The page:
Italy manager Giampiero Ventura says his side need a “great performance” in the second leg of their play-off with Sweden if they are to avoid missing out on a first World Cup since 1958.
The Swedes won the first leg 1-0 at the Friends Arena, the only goal coming when Jakob Johansson drilled home from 20 yards, via a Daniele de Rossi deflection.
They were the better team in the first half, and while the Azzurri slightly improved after the break, they were still disappointing.
Matteo Darmian went closest to equalising but hit the post.
Italy – who will be without the suspended Marco Verratti – will need to win Monday’s second leg at the San Siro to reach the World Cup in Russia.
Ventura said: “This result is punishing. I hope that in Milan the officials give to us what they granted to them here.
“In a match as important as this we wanted a more even-handed approach. Now all that matters is getting the result.
“We have to turn everything on its head back in Milan. San Siro must give us a hand too but it is up to us to deliver a great performance for our fans.”
Physical Sweden deserved their win
The Swedes – who finished above the Netherlands to seal their play-off spot – looked up for the game from the very first whistle.
They played at a high-energy tempo, showing plenty of aggression in their attacks. Striker Marcus Berg, who scored eight goals in qualifying, was booked within 50 seconds. Ola Toivonen appeared to elbow Leonardo Bonucci in the face, with Berg booked for his angry reaction to his team conceding a free-kick.
Bonucci said after the game that the challenge fractured his nose.
“The Italians obviously wanted me to be dismissed,” said Berg. “They fell over whenever they could. I don’t think they pulled it off very well.
“I knew there would be war tonight and it will be a damn war on Monday.”
That intensity continued for the rest of the half, with a noisy home crowd getting behind their team – and loudly booing Bonucci every time he had the ball.
Most of the chances in the first half were Sweden’s – with six shots to Italy’s one. Toivonen shot just wide from 20 yards, the impressive Emil Forsberg curled wide from 25 yards and veteran keeper Gianluigi Buffon had to act quickly to deny Berg and then Toivonen.
They were more subdued in the second half, but got their goal when Emil Krafth’s throw-in was laid off by Toivonen for substitute Johansson – who had only been on the pitch for four minutes. His effort hit De Rossi, and sent Buffon the wrong way.
Sweden – who lost to Italy at Euro 2016 – are now one clean sheet in Milan away from reaching their first World Cup since 2006.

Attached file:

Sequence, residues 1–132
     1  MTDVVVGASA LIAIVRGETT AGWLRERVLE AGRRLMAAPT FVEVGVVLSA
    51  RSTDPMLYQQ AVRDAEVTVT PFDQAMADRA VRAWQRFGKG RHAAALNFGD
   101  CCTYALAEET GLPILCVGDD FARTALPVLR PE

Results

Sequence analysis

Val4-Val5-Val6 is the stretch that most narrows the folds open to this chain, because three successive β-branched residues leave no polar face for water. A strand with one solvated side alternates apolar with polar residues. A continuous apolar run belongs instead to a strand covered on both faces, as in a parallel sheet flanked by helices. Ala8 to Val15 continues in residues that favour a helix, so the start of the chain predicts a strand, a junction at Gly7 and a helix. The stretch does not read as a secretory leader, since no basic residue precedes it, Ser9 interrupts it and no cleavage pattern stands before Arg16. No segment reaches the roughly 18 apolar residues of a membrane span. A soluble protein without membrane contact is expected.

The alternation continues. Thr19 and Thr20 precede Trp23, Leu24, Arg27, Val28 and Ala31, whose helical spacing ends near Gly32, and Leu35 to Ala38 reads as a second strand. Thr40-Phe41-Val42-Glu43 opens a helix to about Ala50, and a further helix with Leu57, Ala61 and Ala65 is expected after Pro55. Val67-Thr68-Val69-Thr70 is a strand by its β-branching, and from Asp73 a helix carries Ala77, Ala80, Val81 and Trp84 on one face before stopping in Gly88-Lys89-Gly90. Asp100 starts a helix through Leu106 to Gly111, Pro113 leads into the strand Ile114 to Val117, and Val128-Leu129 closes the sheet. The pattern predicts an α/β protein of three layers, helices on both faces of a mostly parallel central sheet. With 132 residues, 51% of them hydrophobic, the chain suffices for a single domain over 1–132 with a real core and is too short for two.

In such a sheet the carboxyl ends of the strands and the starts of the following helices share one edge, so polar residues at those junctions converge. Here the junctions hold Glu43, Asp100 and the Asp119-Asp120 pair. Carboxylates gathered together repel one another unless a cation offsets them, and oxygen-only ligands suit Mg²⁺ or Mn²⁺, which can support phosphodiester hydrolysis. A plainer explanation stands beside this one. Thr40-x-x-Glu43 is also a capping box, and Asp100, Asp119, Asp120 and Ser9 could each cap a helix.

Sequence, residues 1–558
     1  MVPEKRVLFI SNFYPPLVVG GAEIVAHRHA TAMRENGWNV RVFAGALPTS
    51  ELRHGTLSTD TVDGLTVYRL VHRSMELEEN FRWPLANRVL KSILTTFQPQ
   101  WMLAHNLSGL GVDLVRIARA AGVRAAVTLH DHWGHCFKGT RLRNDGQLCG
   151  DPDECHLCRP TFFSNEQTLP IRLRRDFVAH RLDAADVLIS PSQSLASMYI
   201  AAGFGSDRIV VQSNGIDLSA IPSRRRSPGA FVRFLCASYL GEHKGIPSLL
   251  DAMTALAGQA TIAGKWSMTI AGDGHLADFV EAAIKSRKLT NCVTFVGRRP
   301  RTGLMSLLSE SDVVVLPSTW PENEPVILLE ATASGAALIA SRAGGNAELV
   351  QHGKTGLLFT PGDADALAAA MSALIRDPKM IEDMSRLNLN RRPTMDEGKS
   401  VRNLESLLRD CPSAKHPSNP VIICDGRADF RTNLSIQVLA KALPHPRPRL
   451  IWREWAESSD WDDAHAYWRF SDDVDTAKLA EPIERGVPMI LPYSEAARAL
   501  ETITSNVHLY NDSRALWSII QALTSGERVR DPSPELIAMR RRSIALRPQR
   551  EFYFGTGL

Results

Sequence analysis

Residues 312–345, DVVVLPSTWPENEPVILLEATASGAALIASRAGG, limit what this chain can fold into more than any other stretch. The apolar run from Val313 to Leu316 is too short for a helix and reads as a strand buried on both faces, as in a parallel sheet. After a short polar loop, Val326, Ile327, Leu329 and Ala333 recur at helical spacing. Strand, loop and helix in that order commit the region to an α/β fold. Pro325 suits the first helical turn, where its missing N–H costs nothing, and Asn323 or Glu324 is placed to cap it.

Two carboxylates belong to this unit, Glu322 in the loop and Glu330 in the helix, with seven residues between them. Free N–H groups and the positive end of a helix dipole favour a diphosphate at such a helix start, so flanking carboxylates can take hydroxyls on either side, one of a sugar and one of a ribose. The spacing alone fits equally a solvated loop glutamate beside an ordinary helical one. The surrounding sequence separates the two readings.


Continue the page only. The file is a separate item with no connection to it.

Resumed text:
With the away goal rule counting in World Cup play-offs, a Swedish goal at the San Siro would leave the Azzurri needing to score three times.
Ventura’s Italy underperform again
Italy – led by Giampiero Ventura – did not impress in their qualifying group. The four-time world champions were unfortunate to be in the same pool as Spain, but a 3-0 defeat in Madrid and a 1-1 draw against Macedonia were not to be expected.
Ventura again failed to find room in his 3-5-2 formation for in-form Napoli winger Lorenzo Insigne, and his front two – Andrea Belotti and Ciro Immobile – did not click at all.
Belotti – who played for the 69-year-old manager at Torino – missed the Azzurri’s one and only chance of the first half. He headed wide from close range from Darmian’s cross. Shockingly, that was one of only five touches he had before being replaced in the 65th minute.
Influential midfielder Verratti, the Paris St-Germain schemer, got himself needlessly booked for a lunging slide on Berg in his own half – a yellow card which means he is banned for the second leg.
The hosts did go close when Darmian hit the post from 25 yards with a fantastic strike from Verratti’s pass but they failed to build any late pressure.
Italy did bring on Insigne for Verratti in the final 15 minutes but at that stage the rot appeared to have set in and the substitute dragged a shot wide in injury time.
The result means legendary Italy keeper Buffon, winning his 174th cap, could play his final competitive international game on Monday. The Juventus star had planned to retire after the World Cup – a tournament which would be his record sixth, if he can reach it.
Bonucci conceded they need to improve for the second leg: “We have to be quicker on the ball. In the return leg, we have to really fight. They played a very physical game but we can’t make excuses.”